Hillary Clinton's campaign has been charging that Sanders' health care vision necessarily entails higher taxes on the middle class. Sanders plan is structured to try to avoid that accusation — levying its payroll tax on employers rather than employees and calling its 2.2 percent flat income tax "premiums" rather than a tax. But in effect, working people — whether wealthy or not — will be paying higher taxes. The Sanders camp's real argument is that, all things considered, the average family would save money.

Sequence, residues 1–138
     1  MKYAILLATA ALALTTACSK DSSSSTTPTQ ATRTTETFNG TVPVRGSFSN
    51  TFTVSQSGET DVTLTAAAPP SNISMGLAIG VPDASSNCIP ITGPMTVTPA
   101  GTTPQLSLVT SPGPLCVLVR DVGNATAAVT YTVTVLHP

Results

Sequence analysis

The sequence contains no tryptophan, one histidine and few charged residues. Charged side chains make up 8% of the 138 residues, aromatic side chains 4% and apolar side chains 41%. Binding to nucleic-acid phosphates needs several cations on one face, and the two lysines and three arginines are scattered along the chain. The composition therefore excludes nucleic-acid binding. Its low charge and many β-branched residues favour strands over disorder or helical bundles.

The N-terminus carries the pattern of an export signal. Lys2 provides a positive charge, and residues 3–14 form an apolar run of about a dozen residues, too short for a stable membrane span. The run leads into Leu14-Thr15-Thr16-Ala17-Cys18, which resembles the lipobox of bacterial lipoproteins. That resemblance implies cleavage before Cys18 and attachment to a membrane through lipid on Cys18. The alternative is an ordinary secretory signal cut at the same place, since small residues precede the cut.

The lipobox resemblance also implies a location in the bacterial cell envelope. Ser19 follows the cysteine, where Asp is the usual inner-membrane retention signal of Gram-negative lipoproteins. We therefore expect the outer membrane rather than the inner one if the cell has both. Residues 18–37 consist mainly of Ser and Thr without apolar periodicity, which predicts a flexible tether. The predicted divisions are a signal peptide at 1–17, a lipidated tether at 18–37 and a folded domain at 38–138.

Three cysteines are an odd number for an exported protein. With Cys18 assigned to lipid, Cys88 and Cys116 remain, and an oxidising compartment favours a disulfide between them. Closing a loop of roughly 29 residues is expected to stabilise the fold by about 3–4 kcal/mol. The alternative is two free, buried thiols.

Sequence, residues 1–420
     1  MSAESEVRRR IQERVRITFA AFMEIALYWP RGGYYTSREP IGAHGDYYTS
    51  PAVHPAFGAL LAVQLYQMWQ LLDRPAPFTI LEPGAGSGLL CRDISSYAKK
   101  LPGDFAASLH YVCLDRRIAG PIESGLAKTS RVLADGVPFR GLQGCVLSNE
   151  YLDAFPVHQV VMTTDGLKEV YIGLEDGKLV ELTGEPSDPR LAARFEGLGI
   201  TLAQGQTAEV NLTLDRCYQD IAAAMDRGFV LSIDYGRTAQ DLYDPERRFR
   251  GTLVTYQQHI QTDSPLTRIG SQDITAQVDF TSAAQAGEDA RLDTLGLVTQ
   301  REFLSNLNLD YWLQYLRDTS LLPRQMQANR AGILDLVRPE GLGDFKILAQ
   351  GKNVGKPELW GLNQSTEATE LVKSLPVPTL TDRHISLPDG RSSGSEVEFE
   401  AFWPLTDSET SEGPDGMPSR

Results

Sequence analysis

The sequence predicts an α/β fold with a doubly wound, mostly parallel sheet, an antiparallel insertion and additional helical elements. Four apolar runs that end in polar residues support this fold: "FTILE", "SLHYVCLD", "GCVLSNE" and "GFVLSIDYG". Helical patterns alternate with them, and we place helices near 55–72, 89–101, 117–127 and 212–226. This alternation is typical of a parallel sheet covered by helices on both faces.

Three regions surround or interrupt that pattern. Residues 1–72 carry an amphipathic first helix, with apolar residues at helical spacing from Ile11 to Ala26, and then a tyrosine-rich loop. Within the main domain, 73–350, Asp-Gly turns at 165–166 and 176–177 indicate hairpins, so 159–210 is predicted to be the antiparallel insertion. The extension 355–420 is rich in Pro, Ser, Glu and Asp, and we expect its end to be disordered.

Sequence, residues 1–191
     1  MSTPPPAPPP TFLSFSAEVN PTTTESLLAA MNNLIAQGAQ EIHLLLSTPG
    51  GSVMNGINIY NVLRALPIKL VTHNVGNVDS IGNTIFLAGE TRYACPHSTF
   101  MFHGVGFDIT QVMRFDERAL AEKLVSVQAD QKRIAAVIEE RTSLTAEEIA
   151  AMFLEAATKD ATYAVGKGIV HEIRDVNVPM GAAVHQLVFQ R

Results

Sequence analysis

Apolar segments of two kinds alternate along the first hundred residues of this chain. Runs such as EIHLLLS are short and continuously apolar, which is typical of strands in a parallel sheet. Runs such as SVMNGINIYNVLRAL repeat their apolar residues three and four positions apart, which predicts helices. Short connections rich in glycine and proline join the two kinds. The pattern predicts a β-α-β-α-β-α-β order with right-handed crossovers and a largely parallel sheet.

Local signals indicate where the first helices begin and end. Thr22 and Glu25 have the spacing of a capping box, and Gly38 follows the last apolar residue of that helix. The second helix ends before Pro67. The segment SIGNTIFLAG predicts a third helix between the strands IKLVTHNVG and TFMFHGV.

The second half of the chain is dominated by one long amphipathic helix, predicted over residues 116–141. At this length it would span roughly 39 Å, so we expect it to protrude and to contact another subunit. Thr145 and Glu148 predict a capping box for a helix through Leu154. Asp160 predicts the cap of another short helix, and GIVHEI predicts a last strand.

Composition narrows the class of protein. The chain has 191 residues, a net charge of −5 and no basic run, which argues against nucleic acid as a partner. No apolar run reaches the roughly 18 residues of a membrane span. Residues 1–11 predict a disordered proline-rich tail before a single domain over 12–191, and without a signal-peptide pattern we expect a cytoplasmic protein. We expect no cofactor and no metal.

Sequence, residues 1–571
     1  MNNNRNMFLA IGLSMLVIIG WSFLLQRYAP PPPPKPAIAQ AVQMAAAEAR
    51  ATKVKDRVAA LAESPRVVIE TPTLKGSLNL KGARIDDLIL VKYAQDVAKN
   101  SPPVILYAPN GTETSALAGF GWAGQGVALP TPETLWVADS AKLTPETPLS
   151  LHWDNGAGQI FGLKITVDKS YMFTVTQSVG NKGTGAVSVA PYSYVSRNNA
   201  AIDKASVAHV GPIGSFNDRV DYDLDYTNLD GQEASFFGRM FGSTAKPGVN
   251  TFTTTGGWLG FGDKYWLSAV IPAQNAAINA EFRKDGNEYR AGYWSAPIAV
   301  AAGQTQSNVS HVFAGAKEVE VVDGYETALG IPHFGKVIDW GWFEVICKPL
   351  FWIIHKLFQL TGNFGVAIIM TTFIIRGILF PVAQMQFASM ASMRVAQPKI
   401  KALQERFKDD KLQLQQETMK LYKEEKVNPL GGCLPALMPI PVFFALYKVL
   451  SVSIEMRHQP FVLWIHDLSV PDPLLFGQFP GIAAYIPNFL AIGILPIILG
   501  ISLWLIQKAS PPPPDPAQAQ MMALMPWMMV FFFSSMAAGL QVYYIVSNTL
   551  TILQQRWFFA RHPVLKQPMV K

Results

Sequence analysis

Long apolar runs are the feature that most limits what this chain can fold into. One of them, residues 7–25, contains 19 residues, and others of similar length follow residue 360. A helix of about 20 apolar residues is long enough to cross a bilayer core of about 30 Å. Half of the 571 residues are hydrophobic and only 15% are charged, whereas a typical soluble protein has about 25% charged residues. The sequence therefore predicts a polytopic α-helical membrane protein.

Friedman finds that a typical family of four with wages of $50,000 and an employer health-plan with $4,955 in annual premiums and a $1,318 deductible would pay only $466 through the new 2.2 percent tax, and save $5,807, or 12 percent of income, on net. Friedman also finds that an employer paying $12,591 toward an employee's health plan would pay $3,100 in the new 6.2 percent payroll tax, and save $9,491.